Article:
Colorado Fly Fishing

In the middle of October the crew took a trip out to Steamboat Springs, Colorado. The Yampa River, known for its big rainbows and browns, flowed right through town. Our first stop was Steamboat Flyfisher to grab a few flies and some gear. The guys in the shop were super helpful and pointed us toward some great spots on the river. If you’re ever in the area, definitely stop in and give them a visit, they run an awesome shop.

We started fishing a stretch on the Yampa right in town. The water was a bit high and stained, so we rigged some nymphs and started hitting the pockets and runs behind the many boulders. Noah stuck a nice brown swinging a white conehead wooly bugger, but he popped off right at the net. After a few minutes of tossing flies without any results, we decided to move to a more familiar stretch.

braden's colorado rainbow trout

One of Braden’s fat rainbows

Next we hit a piece of water where I actually caught my first trout on a fly. The river split into a side channel and flowed past a big pond that held plenty of stocked rainbows. Braden pulled a few fat stockers from the pond on a dry, and I busted off couple strong rainbows in the river dredging an indicator nymph rig. My 6X tippet was no match for the hefty rainbows and heavy current, and more than a few fish shot off downstream and shredded my line. The 6X was the only tippet I had, so unfortunately none of the bigger trout made it to the net. I ended the day with two little ‘bows on a #16 Frenchie.

Dry fly rainbow

Dry fly rainbow

Monday brought snow and some nasty conditions on the river, but I hit the water anyway. The fishing was pretty slow, and I honestly wasn’t fishing very well. I briefly connected on a few good trout before they popped off.

We fished a new stretch a ways upstream from town on Tuesday. A slow meandering river and rising trout greeted me as I strung up my rod. The trout were steadily sipping olives in the slow water and riffles. I made a few casts with a BWO parachute, but quickly got refusals. A fly change later, I stuck a rainbow on a #20 CDC BWO Comparadun, but he popped off after a decent fight. I pricked a few more fish before discovering the hook was bent out. Braden put a fat 17 incher in the net before we called it a night.

Elk River

The snowmelt made some trouble for us on Thursday. A habitat improvement project blew out the river, so after an hour of flogging the chocolate milk we wandered up to the Elk River hoping to pull some rainbows from the icy water. The frigid water temps from the recent snowmelt made things tough, and I only managed one rainbow on a #12 Mercer’s Micro May. The river was gorgeous, though, with mountains and pines towering above the rushing water.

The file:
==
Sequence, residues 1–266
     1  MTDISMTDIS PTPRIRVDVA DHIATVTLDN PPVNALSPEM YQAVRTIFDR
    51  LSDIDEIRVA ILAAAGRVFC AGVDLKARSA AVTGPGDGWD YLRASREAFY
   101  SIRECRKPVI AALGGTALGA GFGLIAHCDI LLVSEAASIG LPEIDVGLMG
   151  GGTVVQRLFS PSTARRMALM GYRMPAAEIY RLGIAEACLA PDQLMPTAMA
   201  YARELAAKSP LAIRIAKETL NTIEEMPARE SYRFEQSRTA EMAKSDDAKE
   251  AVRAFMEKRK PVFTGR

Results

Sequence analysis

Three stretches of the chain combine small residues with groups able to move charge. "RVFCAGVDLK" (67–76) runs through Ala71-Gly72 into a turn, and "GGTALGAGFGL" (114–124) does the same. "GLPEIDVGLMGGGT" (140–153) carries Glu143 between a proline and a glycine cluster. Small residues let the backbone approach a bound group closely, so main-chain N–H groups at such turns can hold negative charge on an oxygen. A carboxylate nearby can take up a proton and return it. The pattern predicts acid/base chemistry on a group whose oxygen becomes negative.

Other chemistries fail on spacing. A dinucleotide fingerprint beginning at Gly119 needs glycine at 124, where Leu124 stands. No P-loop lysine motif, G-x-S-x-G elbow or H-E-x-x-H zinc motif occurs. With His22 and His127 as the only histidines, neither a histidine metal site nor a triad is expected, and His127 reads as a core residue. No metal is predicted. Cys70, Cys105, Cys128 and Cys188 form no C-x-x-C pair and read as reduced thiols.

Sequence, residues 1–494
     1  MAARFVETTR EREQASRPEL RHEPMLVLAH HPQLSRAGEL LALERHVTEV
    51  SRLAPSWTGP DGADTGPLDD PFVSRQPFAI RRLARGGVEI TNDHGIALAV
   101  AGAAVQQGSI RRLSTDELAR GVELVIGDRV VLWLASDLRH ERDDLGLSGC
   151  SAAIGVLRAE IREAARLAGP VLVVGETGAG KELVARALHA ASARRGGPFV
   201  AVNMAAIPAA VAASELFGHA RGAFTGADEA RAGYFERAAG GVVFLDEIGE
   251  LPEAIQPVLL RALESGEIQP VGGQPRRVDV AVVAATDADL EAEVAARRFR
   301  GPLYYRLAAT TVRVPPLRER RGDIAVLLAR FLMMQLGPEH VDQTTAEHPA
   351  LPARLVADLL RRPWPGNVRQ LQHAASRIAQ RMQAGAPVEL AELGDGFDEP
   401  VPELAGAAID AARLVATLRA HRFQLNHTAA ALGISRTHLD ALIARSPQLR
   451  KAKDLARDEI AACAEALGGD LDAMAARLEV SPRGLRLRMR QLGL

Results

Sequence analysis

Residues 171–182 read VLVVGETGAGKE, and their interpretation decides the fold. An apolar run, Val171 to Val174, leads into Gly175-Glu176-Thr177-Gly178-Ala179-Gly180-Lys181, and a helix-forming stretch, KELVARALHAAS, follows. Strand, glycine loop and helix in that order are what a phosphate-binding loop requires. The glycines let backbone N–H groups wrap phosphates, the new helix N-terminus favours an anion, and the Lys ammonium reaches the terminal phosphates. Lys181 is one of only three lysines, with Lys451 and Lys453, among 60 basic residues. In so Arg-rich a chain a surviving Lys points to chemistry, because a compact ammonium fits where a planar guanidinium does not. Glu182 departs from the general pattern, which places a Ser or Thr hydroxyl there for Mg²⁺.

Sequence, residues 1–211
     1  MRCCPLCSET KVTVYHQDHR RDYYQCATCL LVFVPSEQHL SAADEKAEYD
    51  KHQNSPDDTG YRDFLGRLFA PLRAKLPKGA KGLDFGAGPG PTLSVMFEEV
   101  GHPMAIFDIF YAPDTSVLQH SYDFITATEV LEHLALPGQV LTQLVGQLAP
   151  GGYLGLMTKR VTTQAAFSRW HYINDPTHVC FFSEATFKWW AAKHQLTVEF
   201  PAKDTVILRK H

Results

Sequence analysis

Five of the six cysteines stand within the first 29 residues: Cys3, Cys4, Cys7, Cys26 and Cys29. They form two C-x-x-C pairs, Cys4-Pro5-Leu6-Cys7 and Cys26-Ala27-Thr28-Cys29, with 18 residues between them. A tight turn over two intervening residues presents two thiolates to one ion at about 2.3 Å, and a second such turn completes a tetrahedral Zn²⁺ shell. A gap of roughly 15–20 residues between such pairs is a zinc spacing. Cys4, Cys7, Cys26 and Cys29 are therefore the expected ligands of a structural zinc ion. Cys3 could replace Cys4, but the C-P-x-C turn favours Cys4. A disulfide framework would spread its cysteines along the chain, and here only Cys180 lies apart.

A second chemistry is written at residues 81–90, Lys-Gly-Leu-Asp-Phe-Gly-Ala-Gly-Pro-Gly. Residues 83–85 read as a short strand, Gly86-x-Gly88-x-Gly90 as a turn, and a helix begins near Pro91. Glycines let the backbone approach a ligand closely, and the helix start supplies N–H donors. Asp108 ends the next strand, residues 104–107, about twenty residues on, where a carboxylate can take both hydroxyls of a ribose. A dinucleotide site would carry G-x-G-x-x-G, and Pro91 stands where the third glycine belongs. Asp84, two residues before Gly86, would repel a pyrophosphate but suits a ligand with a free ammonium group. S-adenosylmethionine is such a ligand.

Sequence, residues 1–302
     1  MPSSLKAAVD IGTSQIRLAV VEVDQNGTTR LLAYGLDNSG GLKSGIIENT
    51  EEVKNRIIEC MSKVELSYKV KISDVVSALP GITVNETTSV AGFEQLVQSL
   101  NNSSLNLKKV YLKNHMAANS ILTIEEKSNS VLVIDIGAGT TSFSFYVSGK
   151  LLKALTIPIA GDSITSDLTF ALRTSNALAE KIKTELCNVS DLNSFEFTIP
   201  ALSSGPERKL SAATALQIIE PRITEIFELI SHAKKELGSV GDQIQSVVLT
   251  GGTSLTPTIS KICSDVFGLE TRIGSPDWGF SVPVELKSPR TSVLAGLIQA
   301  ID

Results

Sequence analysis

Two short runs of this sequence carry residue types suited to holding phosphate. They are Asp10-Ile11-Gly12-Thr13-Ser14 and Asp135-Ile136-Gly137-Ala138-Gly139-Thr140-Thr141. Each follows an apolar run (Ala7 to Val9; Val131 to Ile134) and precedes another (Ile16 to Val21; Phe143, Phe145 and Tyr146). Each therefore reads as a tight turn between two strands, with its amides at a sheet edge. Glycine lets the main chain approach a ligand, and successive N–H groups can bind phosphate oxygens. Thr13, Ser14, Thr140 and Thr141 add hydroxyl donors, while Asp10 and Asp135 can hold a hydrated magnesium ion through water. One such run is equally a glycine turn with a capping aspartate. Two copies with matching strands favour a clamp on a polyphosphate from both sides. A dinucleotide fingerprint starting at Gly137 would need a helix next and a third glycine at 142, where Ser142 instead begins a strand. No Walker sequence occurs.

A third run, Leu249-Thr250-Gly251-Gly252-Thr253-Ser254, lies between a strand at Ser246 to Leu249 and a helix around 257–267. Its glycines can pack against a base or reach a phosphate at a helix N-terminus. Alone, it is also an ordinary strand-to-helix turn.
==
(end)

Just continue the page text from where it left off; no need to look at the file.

Mountain Whitefish! Noah stuck this whitey on a midge that he tied while fishing the Elk River.

Mountain Whitefish! Noah stuck this whitey on a midge that he tied while fishing the Elk River.

The three of us hit the Elk again on Friday morning for the last day of the trip. Snow fell softly as we dredged the pocketwater with nymphs and split shot. Again, the fishing was pretty slow, but Noah stuck a nice mountain whitefish on a midge, his first on a fly. Later in the afternoon we hiked and fished a small lake up in the mountains that supposedly held cutthroats and a few grayling. The other two only fished a few minutes before deciding to hike in the thin layer of snow that blanketed the bank. I trekked over to the dam and pulled a gorgeous 17 inch cutthroat from the crystal clear water on a #12 Chickabou Bugger. A few casts later I hooked into another good fish. After a short fight, I put a grayling in the net! I was pumped! Cutthroats have been on my dream list for a long time, but I never imagined I’d catch a grayling, not to mention getting both within a few minutes! I released it back into the icy waters and decided to call it a day.mountain lake in colorado

cutthroat

Awful pic, but a beautiful fish

SAMSUNGIt was an awesome trip, and though the trout could have cooperated a bit better, it was great to fish out west! Winter is officially here in Minnesota, and its time to tie some flies or hit the ice for a few panfish…

Tight Lines,

Conner

3 Comments

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  1. Hey guys, figured I would stop by and see what you were up to. Grayling are a fine fish !. Caught my one and only one in Belguim a few years ago after dropping several nice ones. I wonder how they ended up in the lake you were fishing?

    1. Thanks Mark! I was really excited when I got him in the net, I’ve always dreamed of catching one but never thought I’d have the opportunity! I think they were stocked a while back, but I haven’t researched it so I’m not sure. Belgium sounds like a great adventure, native grayling would be amazing. Did you catch your grayling on a dry or nymph? Thanks for the comment and stopping by!
      Conner

      1. Conner, in Europe the grayling season is during the later months of the year when the water is cold so most of them are taken on nymphs which was the case with the one I caught. The other’s I hooked and had on briefly were all taken deep on nymphs as well…tight lines

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